Obama's Crackdown on Whistleblowers Targets Press Freedom?

James Risen, a Pulitizer Prize winning national correspondent for the New York Times, is being told to give up his sources for State of War, his 2006 book on the C.I.A, or go to jail. Risen, who broke the story of George W. Bush's domestic wiretapping of suspected terrorists, is now on the Department of Justices (DOJ) radar. Risen's attorney, Joel Kurtzberg, said he would fight the subpoena, which was authorized by Attorney General Eric Holder. As described in the video from Russia Today:
In the past few weeks the U.S. has witnessed an aggressive crack down on whistleblowers. For many the Obama administration's tough investigative stance on unauthorized press leaks goes against the president's own election promises to bring back openness and transparency. Moreover, some journalists now accuse the Obama government of actually attacking press freedom.
The video tells the full story.

President Obama recently signed the Press Freedom Act. However, after he signed the bill he declined to take any questions from reporters. A fantastic way to establish your legitimacy and show people you really mean business on following through on being 'the most open and transparent administration ever.'

Actions by the Obama administration have led to an uproar among some journalists. POLITICO wrote a 7-page report, "Why reporters are down on President Obama", on how the administration is essentially making all the right moves building up their wall, leaving those covering the administration on their last thread.

"Reporters say the White House is thin-skinned, controlling, eager to go over their heads and stingy with even basic information. All White Houses try to control the message. But this White House has pledged to be more open than its predecessors, and reporters feel it doesn’t live up to that pledge in several key areas", POLITICO states. And what are those key areas as specified in the report by Josh Gerstein and Patrick Gavin?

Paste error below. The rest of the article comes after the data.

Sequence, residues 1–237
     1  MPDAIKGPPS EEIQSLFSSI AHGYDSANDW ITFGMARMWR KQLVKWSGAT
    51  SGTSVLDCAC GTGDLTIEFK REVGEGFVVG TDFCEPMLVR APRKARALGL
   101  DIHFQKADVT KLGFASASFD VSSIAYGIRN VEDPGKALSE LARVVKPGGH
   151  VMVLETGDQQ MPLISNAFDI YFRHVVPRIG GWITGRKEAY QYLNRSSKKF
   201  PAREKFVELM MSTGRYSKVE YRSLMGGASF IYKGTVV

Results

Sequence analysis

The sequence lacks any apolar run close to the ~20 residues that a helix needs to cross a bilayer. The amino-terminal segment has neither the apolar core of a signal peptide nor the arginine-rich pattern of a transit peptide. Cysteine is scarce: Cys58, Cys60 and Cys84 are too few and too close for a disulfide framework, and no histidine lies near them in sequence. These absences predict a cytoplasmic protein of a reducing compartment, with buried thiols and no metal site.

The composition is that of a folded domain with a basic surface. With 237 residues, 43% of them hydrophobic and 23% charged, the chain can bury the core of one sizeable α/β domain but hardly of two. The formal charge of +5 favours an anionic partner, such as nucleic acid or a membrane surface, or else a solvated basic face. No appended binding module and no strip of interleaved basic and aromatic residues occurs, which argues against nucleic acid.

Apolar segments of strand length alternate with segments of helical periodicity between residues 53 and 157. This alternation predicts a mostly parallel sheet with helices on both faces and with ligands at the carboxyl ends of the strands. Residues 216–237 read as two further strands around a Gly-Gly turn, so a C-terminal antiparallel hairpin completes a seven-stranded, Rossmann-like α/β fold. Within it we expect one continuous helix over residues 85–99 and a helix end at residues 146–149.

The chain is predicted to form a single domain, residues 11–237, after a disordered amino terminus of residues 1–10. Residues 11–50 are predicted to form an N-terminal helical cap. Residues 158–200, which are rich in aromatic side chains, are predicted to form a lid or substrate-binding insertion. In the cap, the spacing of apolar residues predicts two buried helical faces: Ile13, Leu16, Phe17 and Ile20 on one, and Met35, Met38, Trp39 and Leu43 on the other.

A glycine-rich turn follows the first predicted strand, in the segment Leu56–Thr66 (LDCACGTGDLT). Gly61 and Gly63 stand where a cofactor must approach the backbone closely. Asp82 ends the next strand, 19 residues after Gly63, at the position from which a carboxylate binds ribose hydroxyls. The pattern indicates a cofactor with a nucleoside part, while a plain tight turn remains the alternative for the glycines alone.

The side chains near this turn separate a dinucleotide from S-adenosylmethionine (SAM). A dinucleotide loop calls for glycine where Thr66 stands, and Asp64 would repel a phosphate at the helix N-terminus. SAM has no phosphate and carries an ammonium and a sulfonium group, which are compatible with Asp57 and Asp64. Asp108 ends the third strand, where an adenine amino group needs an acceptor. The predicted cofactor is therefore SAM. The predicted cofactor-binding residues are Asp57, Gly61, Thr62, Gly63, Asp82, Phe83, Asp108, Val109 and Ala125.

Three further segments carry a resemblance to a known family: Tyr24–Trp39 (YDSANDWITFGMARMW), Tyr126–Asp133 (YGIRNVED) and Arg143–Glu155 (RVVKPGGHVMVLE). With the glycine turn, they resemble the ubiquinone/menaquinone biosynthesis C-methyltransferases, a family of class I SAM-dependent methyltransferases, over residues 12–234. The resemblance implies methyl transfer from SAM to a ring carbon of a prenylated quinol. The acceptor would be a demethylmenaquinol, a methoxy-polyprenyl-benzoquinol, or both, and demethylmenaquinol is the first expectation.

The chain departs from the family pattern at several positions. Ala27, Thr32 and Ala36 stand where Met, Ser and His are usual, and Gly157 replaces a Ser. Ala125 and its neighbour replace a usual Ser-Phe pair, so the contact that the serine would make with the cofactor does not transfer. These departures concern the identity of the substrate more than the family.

• Day-to-day interaction with Obama is almost nonexistent, and he talks to the press corps far less often than Bill Clinton or even George W. Bush did. Clinton took questions nearly every weekday, on average. Obama barely does it once a week.
  • The ferocity of pushback is intense. A routine press query can draw a string of vitriolic e-mails. A negative story can draw a profane high-decibel phone call or worse. Some reporters feel like they’ve been frozen out after crossing the White House.
  • Except toward a few reporters, press secretary Robert Gibbs can be distant and difficult to reach — even though his job is to be one of the main conduits from president to press. “It’s an odd White House where it’s easier to get the White House chief of staff on the phone than the White House press secretary,” one top reporter said.
  • And at the very moment many reporters feel shut out, one paper — The New York Times — enjoys a favoritism from Obama and his staff that makes competitors fume, with gift-wrapped scoops and loads of presidential face time.
It must be pretty sad and lonely day when reporters are backed so far into a corner they decide enough is enough- especially when a majority of the press corps voted for Obama in the first place.

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